Takeshi Ichikawa, after graduating from Iwata Prefceture Agriculture High School, decided neither to continue school or succeed to his father as a Nashi/Japanese pear producer, but to start his own corn and lettuce cultivation. At the age of 22 he already has 5 years of experience and is still learning fast!
It was never easy, especially considering the resistance of older generations to changes. He has been trying for some time to encourage young farmers like him to venture into new types of culture including poly-culture. He told me that still too few are allowed by their families to move that step forward…

That crow has become a real scarecrow!

But Takeshi has stayed humble all the time. He fully realizes he still has lots to learn. He couldn’t believe me when I told him crows are found all over the world!

These corn ears in the outdoors fields will soon be harvested!

Greenhouse corn

Takeshi grows two varieties of corn, kankan Musume and SKA 318, both Japanese hybrids, both in greenhouses and outdoors for a longer harvesting season.
This means very few holidays during the year. Fortunately for him his school sweetheart has become his wife and she has become the true half of their farming team.
I was invited inside their home and I can tell you these two are really young at heart and certainly more modern and world-conscious than many people of their age!

That is what I call real corn!

Takeshi is appalled at the idea that some people use gene-modified corn and will replant corn only from his own crop!
These kankan musume corn are a real beauty not only in shape and color but in taste.
I tasted them both raw (juicy and so sweet!) and cooked. No wonder they fetch a good price on the market!

Takeshi does not rest on his laurels and grows other vegetables like Qing geng cai (Green pak choi) to answer market demands and his own consumption.

They certainly look appetizing, but once again it looks like a lot of work!

His education at a top-class agricultural high school is paying off as he is conducting his own experiments on potential crops!

But this does not mean he is rejecting his own roots: he grows his own rice!

I told him it reminded me of an English lawn!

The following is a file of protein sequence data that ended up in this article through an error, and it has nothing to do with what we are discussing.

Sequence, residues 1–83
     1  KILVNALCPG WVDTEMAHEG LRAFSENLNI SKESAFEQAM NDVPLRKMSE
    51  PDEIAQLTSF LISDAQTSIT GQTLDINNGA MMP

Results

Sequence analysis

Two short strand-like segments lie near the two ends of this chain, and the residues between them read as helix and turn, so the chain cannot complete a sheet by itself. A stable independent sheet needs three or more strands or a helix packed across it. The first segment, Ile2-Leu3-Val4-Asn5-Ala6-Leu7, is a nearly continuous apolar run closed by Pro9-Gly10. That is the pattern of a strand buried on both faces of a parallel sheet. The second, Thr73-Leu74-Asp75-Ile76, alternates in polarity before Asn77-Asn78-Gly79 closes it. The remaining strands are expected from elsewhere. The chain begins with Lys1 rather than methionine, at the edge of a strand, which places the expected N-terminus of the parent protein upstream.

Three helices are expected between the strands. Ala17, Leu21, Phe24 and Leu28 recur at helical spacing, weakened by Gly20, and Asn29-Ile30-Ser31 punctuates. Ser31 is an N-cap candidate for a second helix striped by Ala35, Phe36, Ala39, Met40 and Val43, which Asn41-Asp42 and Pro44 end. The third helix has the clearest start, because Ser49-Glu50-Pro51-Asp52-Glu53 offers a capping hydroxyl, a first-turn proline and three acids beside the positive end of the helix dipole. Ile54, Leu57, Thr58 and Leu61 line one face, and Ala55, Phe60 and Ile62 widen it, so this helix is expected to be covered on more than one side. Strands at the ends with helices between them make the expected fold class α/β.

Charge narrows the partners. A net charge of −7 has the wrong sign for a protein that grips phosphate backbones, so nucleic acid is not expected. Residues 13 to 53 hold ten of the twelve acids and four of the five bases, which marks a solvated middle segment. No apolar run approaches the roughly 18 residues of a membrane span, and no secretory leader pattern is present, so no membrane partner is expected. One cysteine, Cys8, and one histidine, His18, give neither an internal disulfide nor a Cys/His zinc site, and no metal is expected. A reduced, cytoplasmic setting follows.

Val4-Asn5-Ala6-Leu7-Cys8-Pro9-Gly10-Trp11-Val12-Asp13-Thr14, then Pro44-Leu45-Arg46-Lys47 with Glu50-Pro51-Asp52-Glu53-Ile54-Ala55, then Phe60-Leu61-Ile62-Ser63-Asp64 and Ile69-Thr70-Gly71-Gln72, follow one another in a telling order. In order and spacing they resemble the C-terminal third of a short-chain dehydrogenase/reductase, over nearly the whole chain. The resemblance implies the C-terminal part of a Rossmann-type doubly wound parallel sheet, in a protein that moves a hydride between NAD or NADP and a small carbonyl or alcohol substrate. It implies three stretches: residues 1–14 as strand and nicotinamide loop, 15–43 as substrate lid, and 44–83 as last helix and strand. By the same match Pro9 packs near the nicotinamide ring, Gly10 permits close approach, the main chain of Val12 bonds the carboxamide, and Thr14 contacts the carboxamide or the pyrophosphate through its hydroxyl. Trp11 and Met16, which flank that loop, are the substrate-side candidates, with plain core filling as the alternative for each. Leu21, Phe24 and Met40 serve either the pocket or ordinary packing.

Now, Takeshi’s father is a renown grower of nashi/Japanese pears with fields dispersed all over the city!
A proof that his kosui/幸水 and hosui/豊水 are popular is that he sells them exclusively on a direct-sale basis!

These trees are 30 years old!

These fruits need constant pruning, a back-breaking and neck-twisting work if there is one!

These fruit will be ripe next August!
I do not need telling you when I’m paying my next visit to Takeshi! (and his father!)

Takeshi Ichikawa/Chouchou Farm
438-0804 Shizuoka Ken, Iwata Shi, Kamo, 200
静岡県磐田市加茂200
Tel/Fax: 0538-34-0629
Mobile: 080-1614-2271

Lettuce: October~April
Corn: June~July (May for greenhouse)
Japanese pears/nashi: August~September
Rice: Middle of September
Other vegetables (please call for more information!)
Private orders welcome!

RECOMMENDED RELATED SITES:
With a Glass,
Bread + Butter, Zoy Zhang, Hungry Neko, Think Twice, Frank Fariello, Mangantayon, Hapabento, Elinluv Tidbit Corner, Tokyo Terrace, Maison de Christina, Chrys Niles,Lexi, Culinary Musings, Wheeling Gourmet, Comestiblog, Chronicles Of A Curious Cook, Tokyo Through The Drinking Glass, Tokyo Foodcast, Palate To Pen, Yellin Yakimono Gallery, Tokyo Terrace, Hilah Cooking, More than a Mount Full, Arkonite Bento, Happy Little Bento; 5 Star Foodie; Jefferson’s Table; Oyster Culture; Gourmet Fury; Island Vittles; Good Beer & Country Boys; Rubber Slippers In Italy; Color Food daidokoro/Osaka;/a; The Witchy Kitchen; Citron Et Vanille, Lunsj Med Buffet/Estonian Gastronomy (English), Cook, Eat, Play, Repeat, Chrisoscope, Agrigraph, The Agriculture Portal to shizuoka!